What does Jozef see in his future? He plans to retire when he turns 60—only two years from now. His sons, Jozef, Michal, and Juraj, will take over the business and continue reinventing water sports. All three already lead the company alongside their father. In 2020, Juraj helped to design and launch Raptor Ltd, priced at £695.00. The revolutionary board sold out almost immediately, and the brand ordered another 800 units for a restock. 

Forty1 Kitesurfing

In 2017, James Crook founded Forty1 Kitesurfing to improve his favorite extreme sport. All too often, shallow waters and reduced wind would dampen a kitesurfer's ride. As a mechanical engineer, James knew there had to be a way to create more lift while preventing drag. After a lot of trial and error, Hydrofin became his brand's flagship product.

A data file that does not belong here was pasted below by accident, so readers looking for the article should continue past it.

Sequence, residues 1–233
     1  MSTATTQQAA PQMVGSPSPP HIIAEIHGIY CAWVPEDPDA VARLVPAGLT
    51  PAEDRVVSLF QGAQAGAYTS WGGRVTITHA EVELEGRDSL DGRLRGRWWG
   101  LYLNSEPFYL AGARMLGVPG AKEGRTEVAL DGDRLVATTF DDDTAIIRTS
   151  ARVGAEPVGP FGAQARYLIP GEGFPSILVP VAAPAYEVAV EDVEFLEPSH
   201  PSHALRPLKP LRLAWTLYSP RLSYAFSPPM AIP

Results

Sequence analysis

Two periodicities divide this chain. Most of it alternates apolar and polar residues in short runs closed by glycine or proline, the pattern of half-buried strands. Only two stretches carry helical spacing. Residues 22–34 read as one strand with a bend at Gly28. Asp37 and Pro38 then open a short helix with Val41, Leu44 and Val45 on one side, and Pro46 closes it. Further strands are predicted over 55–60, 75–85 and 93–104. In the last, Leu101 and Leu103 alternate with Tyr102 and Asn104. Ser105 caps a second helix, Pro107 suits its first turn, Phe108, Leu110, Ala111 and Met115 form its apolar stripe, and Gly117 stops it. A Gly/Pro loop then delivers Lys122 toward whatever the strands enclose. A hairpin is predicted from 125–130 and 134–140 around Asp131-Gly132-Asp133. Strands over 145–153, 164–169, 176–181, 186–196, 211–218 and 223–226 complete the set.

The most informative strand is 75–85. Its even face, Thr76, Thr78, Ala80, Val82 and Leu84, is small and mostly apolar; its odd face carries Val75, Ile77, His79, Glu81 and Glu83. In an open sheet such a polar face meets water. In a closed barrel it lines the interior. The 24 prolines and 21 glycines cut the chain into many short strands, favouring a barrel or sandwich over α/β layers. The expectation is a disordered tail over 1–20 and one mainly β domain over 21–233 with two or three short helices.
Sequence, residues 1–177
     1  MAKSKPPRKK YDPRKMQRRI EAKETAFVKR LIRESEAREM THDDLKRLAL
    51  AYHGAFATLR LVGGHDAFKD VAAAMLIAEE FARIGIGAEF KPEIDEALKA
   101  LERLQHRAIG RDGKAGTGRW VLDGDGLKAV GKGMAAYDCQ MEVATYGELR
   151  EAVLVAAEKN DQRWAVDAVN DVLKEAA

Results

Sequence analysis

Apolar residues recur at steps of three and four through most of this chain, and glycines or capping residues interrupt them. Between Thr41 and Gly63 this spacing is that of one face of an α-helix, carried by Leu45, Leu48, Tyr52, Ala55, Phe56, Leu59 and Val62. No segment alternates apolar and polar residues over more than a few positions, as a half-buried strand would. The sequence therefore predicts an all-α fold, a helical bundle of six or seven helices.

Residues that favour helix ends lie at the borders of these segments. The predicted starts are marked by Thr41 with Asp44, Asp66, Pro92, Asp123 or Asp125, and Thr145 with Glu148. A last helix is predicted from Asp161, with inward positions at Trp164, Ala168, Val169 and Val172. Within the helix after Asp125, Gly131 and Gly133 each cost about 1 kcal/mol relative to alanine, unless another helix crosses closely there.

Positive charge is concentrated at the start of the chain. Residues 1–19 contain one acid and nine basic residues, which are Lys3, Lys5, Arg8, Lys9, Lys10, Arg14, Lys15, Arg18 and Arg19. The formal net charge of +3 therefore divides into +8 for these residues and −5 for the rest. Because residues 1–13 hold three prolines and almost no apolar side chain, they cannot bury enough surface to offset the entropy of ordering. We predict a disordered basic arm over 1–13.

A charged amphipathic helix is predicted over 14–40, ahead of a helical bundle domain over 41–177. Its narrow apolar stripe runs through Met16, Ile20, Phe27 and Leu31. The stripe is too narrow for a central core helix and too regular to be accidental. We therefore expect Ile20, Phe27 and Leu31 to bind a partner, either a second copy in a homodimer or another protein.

Hydrofin™ is a set of low-profile hydrofoils that improve the kiteboarding experience in less-than-ideal weather conditions. Hydrofoils weren't a new invention, but everything on the market cost over $1,300 and didn't work in shallow water. Further, they often required a new board to install. Hydrofin™ changed that. It retrofits existing kiteboards, is portable, and costs a fraction of the price. 

Ocean Rodeo

Strong winds, cold water, and a rocky coastline make Vancouver Island one of the best places to test kiteboarding equipment. Richard Myerscough and Ross Harrington took advantage of the location when they founded Ocean Rodeo in 2001. Both guys were award-winning windsurfers. At the time, kiteboarding was still new on the extreme sports scene, and the founders knew they could make it better.